• As with the page layout structure, text-threads are added as an uninterrupted content flow and non-threaded content that might decorate the document pages, such as images with captions or break-out text, are added to the XML structure story content as separate items.

This means that the structure that is created isn’t fully predictable. However, the power of the XML structure is that content order can be corrected without the need to physically make layout type changes to the InDesign document.

  • Once the XML Structure is visible objects can be selected and moved into their appropriate contextual position.

xml structure, illustration shows moving object to new order in structure pane.

During EPUB export, the updated XML structure can now be used to define the content order in the EPUB.

resulting content order in EPUB when viewed in Adobe Digital Editions.

See also Part 2 – Controlling content breaks in this article series on Moving print publications to EPUB. Controlling content breaks.

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  1. hafez hafez
    September 3, 2013    

    Dear Cari,
    I solved it. Many thanks for great help.

  2. hafez hafez
    July 30, 2013    

    Dear Cary
    I use the “XML Structure” for creating epub file form indesign cs6.Just one thing, I have some text box in my file and like to export them in epub too. Can you please help me for creating them in the epub.

    • August 23, 2013    

      @Hafez, you’d need to add the content to your Structure panel. Have you added tags?

    • October 25, 2013    

      @hafez: You can use the ‘Articles’ panel to control which text appears in your EPUB on InDesign to EPUB export.

  3. Joey Joey
    February 27, 2013    

    HI Cari, I’m working on converting my first book to epub. I have split it into chapters since it has many photos. The problem is when I export the chapter it still shows text for the next chapter. How do I get rid of the extra text?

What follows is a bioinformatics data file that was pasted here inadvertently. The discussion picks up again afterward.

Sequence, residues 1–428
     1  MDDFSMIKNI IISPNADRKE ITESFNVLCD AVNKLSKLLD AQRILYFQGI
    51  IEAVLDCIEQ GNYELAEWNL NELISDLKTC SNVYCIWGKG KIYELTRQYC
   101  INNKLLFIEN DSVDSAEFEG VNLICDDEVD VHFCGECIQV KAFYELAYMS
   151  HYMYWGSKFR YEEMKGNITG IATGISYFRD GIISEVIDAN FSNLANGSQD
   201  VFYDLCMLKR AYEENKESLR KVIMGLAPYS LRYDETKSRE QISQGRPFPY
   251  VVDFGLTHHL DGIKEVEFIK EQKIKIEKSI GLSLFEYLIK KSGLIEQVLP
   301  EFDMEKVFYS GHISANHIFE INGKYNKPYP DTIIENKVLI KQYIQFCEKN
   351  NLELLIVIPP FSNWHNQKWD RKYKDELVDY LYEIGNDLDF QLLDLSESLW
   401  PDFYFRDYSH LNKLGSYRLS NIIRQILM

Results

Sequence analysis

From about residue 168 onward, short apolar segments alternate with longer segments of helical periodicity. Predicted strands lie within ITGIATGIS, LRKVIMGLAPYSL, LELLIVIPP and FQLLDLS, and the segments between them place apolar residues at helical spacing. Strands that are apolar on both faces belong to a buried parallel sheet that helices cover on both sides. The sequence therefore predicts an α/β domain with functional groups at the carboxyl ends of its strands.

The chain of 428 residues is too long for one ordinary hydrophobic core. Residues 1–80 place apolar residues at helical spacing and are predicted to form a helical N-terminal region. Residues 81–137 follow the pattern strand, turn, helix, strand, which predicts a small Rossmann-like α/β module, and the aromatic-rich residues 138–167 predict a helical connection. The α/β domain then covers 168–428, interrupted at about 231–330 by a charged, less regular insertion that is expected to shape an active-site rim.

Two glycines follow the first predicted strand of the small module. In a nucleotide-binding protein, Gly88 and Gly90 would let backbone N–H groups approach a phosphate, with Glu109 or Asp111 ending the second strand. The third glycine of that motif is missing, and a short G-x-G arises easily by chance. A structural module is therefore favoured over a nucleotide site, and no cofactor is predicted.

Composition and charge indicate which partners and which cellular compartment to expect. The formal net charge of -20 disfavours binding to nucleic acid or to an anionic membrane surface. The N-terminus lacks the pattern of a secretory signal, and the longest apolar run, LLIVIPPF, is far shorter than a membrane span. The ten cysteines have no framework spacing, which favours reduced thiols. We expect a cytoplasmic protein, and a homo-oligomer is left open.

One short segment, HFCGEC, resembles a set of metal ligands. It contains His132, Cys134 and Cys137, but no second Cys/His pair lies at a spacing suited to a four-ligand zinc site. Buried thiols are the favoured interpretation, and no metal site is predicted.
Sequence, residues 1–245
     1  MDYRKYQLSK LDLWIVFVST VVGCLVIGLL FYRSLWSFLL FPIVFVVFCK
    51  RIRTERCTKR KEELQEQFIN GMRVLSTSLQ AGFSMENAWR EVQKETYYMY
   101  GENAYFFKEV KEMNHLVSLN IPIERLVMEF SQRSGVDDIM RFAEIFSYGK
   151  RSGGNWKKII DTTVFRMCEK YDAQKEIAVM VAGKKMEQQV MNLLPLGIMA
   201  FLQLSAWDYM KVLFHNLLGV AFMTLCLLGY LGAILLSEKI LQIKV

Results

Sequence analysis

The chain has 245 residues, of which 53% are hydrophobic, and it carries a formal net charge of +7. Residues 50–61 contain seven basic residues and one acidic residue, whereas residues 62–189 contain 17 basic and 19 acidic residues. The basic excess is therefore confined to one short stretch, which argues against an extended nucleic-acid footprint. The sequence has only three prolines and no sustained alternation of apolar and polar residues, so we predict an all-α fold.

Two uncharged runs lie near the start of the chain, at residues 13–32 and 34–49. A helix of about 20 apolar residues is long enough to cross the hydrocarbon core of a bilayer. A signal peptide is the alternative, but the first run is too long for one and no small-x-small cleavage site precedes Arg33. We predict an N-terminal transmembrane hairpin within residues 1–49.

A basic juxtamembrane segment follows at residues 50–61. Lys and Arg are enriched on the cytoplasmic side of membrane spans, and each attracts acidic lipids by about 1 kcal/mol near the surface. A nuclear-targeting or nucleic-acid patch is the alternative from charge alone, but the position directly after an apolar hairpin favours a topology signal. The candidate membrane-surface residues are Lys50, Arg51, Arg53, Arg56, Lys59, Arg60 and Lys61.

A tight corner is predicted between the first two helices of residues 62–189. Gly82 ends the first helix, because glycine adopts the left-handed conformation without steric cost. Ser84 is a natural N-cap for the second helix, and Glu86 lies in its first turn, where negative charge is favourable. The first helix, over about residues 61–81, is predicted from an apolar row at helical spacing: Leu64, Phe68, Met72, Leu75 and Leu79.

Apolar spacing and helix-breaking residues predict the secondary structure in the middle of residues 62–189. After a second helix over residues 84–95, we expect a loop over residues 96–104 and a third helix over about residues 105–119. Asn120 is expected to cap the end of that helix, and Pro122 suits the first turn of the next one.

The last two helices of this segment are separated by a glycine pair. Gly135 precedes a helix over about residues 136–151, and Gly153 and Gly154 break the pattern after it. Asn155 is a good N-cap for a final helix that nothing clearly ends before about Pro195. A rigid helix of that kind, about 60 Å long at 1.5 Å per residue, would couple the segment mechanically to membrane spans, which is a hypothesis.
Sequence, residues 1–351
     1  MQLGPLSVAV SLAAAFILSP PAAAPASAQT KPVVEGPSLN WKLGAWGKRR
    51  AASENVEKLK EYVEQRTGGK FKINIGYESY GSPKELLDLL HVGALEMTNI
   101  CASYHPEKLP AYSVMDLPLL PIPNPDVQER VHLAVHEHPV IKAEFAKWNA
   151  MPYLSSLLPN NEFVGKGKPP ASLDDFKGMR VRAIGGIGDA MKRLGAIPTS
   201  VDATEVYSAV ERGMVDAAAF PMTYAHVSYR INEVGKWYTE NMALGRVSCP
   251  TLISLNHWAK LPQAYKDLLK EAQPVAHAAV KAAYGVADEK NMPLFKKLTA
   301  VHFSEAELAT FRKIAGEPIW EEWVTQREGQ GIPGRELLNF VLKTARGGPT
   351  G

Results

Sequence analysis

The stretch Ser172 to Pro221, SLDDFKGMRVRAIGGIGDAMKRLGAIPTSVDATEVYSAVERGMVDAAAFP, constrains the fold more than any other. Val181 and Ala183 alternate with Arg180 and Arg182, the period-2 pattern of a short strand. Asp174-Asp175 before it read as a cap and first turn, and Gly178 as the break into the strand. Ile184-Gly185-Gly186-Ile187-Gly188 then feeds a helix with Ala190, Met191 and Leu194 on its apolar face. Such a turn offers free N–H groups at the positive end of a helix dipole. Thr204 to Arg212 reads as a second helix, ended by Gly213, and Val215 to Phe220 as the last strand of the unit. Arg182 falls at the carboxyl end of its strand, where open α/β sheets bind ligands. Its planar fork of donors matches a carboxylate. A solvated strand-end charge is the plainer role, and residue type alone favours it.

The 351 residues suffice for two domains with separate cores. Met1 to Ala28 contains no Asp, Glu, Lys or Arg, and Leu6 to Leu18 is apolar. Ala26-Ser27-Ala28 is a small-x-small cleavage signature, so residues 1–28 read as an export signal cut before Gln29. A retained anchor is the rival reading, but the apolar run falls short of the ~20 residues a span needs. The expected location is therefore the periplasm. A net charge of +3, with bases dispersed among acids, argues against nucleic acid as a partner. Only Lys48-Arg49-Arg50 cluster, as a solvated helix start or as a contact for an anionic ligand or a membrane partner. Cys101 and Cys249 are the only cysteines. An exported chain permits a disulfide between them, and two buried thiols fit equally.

4. krish krish
    June 29, 2012    

    Hi Cari,
    I have just tried epub for the first time in indesign cs5.5. the problem I am facing is when i put a graphic or colored box beneath a text frame and export it to epub… the output shows that the text and graphic order were not the same as i designed in indesign… how to fix it… plz help

    • July 20, 2012    


      The easiest technique to control where graphics appear in EBooks, is to turn them into anchored objects and thereby turn them into inlines in the EBook.

      Hope this helps. Cari

  5. April 24, 2012    

    Which version of InDesign are you using Rod? With InDesign CS5.5 you can break-up your EPUB based on the paragraph style you have applied to your chapter titles for instance. Have you tried that? Alternatively turn each chapter into an individual InDesign document and combine them using InDesign’s Book feature, and export to EPUB from the Book panel menu. — Hope this helps, Cari

  6. Rod Rod
    April 17, 2012    

    I’m not an expert in InDesign. I’m trying to format my InDesign book to an epub file and I can’t figure out how to set it up so the chapters show up individually on ibooks. Right now, it is just one continuous story with no breaks. How do I set up the breaks so my epub file will show separate chapters?

  7. March 17, 2012    

    hi Chloe,

    Unfortunately no CS5.5 doesn’t include any widow/orphan information in the resulting CSS file it generates. You’d have to manually add that afterwards, but be aware that not all eReaders support it either. However that might not work either if each line in the poem sits in a separate paragraph.

    What you could do is try and trick things…

    Try wrapping those bits of text you want to keep together in a separate <div>, add a class, and in the css include: page-break-inside:avoid;

    div.keeptogether {

    and in html:

    <div class="keeptogether">
    ... content here ...

  8. Chloe Chloe
    March 15, 2012    

    Will the EPUB output from CS 5.5 honor the Indesign paragraph style “keep options” to keep all lines in the paragraph together? I’m trying to design something that is very much like a long poem and I don’t want page breaks in the middle of stanzas. How can I achieve this?

  9. June 7, 2011    

    You’ll have to do a fair bit of CSS and HTML work to turn the EPUB output from CS5 into a fixed layout. InDesign will generate ‘reflowable’ content, not ‘paginated’-content.